What Is a Casino?


A casino (also called a gambling house or kasino) is an establishment offering various types of gambling. It is also a place where people can socialize, drink and dine. Some casinos are owned by governments, while others are privately owned. Most states have laws regulating casino gaming. In the United States, about 51 million people visited casinos in 2002. This number has increased as more states have legalized gambling and interstate competition has prompted many cities to seek ways to attract visitors.

Some casinos are built near or combined with hotels, restaurants, retail shops or cruise ships. Casinos in the United States are usually heavily regulated and feature security measures to prevent cheating and theft. Patrons and employees may be monitored with cameras, and some games have specific rules that must be followed to ensure fair play. For example, at card games, players must keep their cards visible at all times. In addition, casinos use specialized chips with microcircuitry that allows them to monitor wagers minute by minute and detect anomalies.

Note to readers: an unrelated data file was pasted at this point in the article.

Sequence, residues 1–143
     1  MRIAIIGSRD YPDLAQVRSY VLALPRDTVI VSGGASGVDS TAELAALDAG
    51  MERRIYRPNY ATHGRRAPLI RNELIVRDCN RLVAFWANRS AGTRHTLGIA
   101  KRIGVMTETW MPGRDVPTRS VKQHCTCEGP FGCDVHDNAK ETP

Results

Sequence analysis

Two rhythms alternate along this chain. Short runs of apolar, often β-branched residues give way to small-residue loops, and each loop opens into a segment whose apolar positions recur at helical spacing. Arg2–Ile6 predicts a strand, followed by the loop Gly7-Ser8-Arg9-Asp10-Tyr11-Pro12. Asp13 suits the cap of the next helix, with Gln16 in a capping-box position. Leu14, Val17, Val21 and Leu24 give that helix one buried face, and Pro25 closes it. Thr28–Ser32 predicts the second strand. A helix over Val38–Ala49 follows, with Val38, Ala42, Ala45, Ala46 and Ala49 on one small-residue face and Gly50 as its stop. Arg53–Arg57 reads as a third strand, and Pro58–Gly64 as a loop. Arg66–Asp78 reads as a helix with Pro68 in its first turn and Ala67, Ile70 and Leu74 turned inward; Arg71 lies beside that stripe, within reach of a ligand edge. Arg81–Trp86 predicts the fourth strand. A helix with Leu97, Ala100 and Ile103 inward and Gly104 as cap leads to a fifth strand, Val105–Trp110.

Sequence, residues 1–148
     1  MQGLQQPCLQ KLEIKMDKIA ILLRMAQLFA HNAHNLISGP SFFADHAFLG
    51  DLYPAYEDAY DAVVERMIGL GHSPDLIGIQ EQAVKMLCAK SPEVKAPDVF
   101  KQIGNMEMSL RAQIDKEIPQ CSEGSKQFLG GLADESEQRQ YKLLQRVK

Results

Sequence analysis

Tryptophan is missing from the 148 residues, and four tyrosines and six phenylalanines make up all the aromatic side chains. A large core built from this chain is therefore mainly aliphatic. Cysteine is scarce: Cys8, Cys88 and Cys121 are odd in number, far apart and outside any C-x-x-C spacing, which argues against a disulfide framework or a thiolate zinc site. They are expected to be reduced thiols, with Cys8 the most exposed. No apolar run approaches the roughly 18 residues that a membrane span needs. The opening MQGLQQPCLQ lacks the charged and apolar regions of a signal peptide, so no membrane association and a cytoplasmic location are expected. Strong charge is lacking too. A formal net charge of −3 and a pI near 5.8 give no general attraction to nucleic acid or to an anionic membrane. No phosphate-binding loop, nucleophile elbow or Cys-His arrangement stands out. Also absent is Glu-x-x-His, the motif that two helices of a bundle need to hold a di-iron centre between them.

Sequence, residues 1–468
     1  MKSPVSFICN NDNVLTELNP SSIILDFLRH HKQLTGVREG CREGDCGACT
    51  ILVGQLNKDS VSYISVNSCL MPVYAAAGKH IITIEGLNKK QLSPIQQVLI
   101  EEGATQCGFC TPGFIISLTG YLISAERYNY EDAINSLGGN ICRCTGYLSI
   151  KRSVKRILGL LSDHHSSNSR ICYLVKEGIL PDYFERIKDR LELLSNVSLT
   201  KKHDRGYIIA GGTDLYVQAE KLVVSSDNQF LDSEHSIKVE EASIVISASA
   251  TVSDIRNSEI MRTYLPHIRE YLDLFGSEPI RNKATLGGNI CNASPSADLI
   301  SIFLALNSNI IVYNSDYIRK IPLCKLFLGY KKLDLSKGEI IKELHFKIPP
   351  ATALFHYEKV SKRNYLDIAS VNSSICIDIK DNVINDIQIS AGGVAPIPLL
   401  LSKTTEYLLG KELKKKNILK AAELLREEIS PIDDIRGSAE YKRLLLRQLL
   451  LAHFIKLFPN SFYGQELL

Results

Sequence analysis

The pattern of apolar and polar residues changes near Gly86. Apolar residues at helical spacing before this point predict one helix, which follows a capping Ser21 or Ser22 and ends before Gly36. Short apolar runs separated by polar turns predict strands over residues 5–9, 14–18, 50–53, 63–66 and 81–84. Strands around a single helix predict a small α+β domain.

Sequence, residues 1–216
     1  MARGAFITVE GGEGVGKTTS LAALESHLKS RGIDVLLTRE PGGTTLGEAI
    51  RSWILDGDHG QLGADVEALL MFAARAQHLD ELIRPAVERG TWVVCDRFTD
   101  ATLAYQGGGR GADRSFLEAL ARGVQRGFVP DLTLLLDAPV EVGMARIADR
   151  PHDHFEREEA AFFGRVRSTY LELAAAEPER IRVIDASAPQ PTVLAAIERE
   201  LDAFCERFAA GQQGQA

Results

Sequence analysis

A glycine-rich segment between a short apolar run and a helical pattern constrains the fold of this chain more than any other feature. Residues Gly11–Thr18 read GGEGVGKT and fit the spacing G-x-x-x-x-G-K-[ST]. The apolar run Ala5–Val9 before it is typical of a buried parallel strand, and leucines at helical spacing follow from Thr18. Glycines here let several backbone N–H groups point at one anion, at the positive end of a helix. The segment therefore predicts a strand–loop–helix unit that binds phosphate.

Although most people know about Las Vegas casinos, some less-familiar ones exist in places such as New Orleans and Chicago. Online casinos are increasingly popular, too. They offer a variety of casino games, often with high jackpots, and are available on PCs, laptops, and mobile devices. They can also be cheaper to run than a physical casino, which must pay dealers, rent and utilities. This means that players can get a better value for their money and enjoy more of the games they love.